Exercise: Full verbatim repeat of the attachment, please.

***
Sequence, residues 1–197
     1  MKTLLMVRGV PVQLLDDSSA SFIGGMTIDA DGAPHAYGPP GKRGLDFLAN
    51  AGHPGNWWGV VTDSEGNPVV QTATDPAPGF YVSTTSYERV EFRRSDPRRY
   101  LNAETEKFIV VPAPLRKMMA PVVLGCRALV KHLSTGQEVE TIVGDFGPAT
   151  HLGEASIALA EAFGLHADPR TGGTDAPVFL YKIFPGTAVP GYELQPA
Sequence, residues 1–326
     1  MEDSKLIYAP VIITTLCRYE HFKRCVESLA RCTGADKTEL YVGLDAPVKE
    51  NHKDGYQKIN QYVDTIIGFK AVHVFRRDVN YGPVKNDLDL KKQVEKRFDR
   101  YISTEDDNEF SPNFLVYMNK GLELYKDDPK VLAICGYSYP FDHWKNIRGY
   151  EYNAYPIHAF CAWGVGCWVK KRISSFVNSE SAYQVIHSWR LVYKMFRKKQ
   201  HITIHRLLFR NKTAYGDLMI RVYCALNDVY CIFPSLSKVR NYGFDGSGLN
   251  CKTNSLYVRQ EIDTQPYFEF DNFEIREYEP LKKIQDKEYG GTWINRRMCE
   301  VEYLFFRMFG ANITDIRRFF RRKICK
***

Sequence, residues 1–197
     1  MKTLLMVRGV PVQLLDDSSA SFIGGMTIDA DGAPHAYGPP GKRGLDFLAN
    51  AGHPGNWWGV VTDSEGNPVV QTATDPAPGF YVSTTSYERV EFRRSDPRRY
   101  LNAETEKFIV VPAPLRKMMA PVVLGCRALV KHLSTGQEVE TIVGDFGPAT
   151  HLGEASIALA EAFGLHADPR TGGTDAPVFL YKIFPGTAVP GYELQPA
Sequence, residues 1–326
     1  MEDSKLIYAP VIITTLCRYE HFKRCVESLA RCTGADKTEL YVGLDAPVKE
    51  NHKDGYQKIN QYVDTIIGFK AVHVFRRDVN YGPVKNDLDL KKQVEKRFDR
   101  YISTEDDNEF SPNFLVYMNK GLELYKDDPK VLAICGYSYP FDHWKNIRGY
   151  EYNAYPIHAF CAWGVGCWVK KRISSFVNSE SAYQVIHSWR LVYKMFRKKQ
   201  HITIHRLLFR NKTAYGDLMI RVYCALNDVY CIFPSLSKVR NYGFDGSGLN
   251  CKTNSLYVRQ EIDTQPYFEF DNFEIREYEP LKKIQDKEYG GTWINRRMCE
   301  VEYLFFRMFG ANITDIRRFF RRKICK